There is, he believes, such resistance to change that the strategic lessons of Afghanistan, where Nato troops are still bogged down after a decade of heavy fighting, have been completely lost. “Much as it disappoints me to say it, I suspect we would get the same outcome in Afghanistan if we went in now,” he says. “You see very few lessons being learned, or of adaptation taking place as a consequence of those lessons and then being applied.”
Poor equipment, political grandstanding and out-of-touch top command all play their part, but the inability of the MoD to adapt its institutions to changed circumstances is the root of the problem. “The level of incompetence is so great and has been occurring for so many years now, that it’s systemic and it’s become cultural,” he says.
“When you’re talking about adapting organisations for the sort of strategies and geo-politics involved in Afghanistan and Iraq, it’s very difficult to force change at somewhere like Nato, with so many nations. But for a single country to not have adapted is incredible.”
The contrast with the Americans is particularly depressing, he believes. “The British military hasn’t adapted in any meaningful way, while the US military looked over this precipice of failure in Iraq – and for America to be defeated, as they so nearly were, would have had a major impact upon the world – and realised that they had to change,” says Mackay. “But they didn’t just change their approach in Iraq but in the whole US Army. They finally got the right people into positions of power and authority.”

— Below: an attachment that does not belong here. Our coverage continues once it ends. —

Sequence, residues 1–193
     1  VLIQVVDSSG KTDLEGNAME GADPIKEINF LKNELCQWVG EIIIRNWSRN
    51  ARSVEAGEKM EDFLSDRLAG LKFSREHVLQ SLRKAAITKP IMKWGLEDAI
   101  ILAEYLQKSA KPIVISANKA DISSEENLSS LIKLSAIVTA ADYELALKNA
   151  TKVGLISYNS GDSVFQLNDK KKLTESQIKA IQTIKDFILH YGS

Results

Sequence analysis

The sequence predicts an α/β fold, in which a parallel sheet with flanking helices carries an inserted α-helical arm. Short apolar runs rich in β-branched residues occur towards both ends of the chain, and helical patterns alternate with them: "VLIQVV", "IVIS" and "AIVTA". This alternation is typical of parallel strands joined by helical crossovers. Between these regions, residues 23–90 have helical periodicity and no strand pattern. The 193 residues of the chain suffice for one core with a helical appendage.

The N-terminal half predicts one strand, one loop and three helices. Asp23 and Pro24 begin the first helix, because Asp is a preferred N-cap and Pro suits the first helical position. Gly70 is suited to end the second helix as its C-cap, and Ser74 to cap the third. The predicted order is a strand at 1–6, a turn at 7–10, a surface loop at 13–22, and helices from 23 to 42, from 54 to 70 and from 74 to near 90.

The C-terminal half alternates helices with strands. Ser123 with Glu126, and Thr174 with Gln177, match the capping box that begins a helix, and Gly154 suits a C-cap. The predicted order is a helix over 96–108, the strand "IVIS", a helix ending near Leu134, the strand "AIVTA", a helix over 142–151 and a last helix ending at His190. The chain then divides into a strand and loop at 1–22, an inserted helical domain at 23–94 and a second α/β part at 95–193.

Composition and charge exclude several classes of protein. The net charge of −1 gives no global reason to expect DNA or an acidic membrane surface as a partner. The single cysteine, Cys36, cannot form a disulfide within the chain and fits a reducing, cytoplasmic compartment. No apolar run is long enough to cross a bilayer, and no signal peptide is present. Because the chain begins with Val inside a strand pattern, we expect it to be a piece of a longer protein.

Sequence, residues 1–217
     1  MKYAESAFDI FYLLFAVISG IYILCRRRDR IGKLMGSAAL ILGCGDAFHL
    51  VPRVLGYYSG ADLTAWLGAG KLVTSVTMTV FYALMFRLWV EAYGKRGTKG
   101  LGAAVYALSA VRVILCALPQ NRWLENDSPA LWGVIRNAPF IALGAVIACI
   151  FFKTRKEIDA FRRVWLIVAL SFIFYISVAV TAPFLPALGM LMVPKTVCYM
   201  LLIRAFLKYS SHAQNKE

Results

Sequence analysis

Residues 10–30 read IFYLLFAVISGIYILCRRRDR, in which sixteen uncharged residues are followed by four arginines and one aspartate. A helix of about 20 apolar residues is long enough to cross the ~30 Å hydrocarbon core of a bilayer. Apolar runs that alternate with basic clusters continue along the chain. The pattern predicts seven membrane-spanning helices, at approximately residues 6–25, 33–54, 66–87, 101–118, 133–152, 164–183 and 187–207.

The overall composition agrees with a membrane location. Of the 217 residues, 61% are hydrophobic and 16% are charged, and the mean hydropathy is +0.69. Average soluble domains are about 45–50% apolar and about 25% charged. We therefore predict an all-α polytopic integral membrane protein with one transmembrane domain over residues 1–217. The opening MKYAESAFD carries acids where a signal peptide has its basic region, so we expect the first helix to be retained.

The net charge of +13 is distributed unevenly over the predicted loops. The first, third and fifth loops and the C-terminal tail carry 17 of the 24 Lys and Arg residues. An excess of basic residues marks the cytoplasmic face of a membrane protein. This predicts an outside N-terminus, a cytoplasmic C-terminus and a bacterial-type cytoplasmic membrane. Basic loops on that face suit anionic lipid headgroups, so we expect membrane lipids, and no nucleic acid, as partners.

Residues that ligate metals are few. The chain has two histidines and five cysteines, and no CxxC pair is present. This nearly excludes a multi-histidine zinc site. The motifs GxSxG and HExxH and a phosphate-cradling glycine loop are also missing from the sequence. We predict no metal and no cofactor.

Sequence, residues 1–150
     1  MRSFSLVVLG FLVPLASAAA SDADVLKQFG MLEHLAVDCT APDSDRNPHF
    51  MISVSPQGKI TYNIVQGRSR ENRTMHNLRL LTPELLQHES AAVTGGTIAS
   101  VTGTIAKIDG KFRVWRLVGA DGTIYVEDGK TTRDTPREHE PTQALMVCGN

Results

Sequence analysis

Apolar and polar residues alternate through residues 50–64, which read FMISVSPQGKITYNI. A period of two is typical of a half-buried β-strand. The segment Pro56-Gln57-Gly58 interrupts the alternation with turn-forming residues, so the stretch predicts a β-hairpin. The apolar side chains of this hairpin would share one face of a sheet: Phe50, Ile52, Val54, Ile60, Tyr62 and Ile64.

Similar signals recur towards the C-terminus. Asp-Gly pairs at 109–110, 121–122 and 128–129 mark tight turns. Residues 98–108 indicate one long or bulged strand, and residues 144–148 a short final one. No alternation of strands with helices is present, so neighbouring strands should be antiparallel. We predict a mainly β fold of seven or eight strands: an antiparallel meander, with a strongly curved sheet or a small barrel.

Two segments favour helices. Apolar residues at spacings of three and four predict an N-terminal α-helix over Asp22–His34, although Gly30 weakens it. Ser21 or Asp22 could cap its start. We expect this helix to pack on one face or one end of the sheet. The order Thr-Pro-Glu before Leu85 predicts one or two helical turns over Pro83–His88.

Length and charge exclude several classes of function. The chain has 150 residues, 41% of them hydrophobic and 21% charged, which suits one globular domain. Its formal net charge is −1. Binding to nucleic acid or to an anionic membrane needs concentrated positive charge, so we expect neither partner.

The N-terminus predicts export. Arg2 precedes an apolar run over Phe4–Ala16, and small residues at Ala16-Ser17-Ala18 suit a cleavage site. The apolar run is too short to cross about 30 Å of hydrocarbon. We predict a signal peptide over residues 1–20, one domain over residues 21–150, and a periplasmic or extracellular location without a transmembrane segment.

By change, Mackay means accepting that “the population is the prize” and acting accordingly. By initially failing to grasp how Afghans would react to Nato troops on the ground, and failing to communicate their mission effectively, failure was virtually guaranteed.
“We tried to shove democracy down their throats when the last thing Afghanistan needed was democracy. What it needed was security,” says Mackay. “We need to engage with the Afghans, but when we bring them democracy or emphasise women’s rights, we’re bringing them our values system. That’s something that we continually get wrong.